“Running under the ‘tea party’ brand may be better in congressional races than being a Republican,” notes a Rasmussen Reports survey of voter preferences released Dec. 7.
It found Democrats picked up 36 percent of the vote while the ‘tea party’ candidate garnered 23 percent. Republicans finish third at 18 percent; 22 percent are undecided. Even among Republican voters, 39 percent said they’d vote Republican, but 33 percent favored the ‘tea party’ option.
What does it mean? Shame on the Grand Old Party, perhaps.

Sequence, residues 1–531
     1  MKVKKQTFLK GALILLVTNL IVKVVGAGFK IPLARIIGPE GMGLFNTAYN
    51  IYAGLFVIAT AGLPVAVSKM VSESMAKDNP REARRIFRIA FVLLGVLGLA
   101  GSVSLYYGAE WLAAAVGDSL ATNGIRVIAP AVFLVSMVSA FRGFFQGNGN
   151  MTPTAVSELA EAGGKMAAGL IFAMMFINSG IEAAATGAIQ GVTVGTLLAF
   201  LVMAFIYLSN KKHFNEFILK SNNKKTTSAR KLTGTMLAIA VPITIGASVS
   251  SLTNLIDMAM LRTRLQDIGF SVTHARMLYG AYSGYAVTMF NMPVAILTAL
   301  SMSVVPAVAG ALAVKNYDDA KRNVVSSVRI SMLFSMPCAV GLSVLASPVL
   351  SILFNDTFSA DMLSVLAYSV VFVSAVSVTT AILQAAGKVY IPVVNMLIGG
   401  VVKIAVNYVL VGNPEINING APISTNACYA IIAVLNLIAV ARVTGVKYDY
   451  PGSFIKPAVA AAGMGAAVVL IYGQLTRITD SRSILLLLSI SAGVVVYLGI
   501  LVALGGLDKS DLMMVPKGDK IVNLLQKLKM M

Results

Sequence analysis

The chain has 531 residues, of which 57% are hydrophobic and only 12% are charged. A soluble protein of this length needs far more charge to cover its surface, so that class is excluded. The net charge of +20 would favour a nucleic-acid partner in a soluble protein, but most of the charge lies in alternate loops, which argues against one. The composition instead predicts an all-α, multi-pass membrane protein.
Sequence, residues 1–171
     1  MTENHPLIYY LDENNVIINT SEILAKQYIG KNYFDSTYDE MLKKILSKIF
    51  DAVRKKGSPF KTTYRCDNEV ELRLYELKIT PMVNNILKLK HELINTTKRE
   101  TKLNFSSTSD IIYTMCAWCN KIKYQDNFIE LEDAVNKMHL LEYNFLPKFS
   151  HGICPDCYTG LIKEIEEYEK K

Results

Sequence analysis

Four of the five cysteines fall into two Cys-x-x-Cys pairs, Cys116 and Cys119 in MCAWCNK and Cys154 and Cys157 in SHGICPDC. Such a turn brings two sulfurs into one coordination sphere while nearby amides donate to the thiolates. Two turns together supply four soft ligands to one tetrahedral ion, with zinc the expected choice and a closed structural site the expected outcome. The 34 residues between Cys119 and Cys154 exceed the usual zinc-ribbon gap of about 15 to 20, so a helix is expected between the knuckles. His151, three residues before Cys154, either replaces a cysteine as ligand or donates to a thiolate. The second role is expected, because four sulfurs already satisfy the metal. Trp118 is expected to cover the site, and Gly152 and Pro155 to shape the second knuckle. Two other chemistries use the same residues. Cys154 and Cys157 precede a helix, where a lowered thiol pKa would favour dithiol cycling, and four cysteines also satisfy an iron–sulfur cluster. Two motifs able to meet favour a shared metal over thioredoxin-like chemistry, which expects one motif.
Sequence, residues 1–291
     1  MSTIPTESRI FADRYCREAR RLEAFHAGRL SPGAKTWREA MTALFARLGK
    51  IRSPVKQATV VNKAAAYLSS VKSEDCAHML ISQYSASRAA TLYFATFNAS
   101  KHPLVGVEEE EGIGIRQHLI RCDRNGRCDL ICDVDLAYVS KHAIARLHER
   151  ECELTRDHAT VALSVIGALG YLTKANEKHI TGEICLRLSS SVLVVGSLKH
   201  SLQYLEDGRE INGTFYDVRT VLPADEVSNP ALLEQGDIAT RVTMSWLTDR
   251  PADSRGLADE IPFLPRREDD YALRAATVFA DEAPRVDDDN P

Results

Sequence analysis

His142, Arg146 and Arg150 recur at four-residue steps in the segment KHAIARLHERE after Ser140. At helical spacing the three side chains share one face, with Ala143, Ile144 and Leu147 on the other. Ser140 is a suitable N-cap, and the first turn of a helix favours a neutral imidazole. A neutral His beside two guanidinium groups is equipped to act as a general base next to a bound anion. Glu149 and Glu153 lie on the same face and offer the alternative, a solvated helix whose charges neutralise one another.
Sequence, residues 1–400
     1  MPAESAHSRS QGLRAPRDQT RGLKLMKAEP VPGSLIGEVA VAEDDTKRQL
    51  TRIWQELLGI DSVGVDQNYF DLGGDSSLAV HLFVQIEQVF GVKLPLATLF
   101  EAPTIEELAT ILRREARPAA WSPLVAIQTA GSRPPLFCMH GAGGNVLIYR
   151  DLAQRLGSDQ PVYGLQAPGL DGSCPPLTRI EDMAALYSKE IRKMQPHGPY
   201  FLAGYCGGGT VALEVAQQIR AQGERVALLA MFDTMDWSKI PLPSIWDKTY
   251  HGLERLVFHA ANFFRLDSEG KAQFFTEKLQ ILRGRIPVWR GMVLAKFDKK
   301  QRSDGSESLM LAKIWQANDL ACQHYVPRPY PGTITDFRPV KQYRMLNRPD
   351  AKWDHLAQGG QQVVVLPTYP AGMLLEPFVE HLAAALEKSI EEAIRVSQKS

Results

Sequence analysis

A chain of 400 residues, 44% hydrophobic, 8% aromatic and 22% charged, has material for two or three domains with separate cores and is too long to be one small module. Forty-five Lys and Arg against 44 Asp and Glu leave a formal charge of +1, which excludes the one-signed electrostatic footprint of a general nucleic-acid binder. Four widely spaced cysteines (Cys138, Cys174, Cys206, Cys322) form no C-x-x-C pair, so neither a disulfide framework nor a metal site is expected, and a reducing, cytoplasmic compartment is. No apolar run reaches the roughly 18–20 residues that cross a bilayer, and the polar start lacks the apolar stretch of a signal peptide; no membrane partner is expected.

“The Republican Party is still suffering from the hangover of an eight years of grotesque spending, access selling and corruption. In righteous indignation, the decent men and women of America are standing up to the powers in Washington. New York’s 23rd Congressional District was a wakeup call to a GOP that has been asleep at the populist switch for too long. Either they embrace the ‘new populism’ or suffer in the minority for a generation to come,” longtime political strategist Craig Shirley tells Inside the Beltway.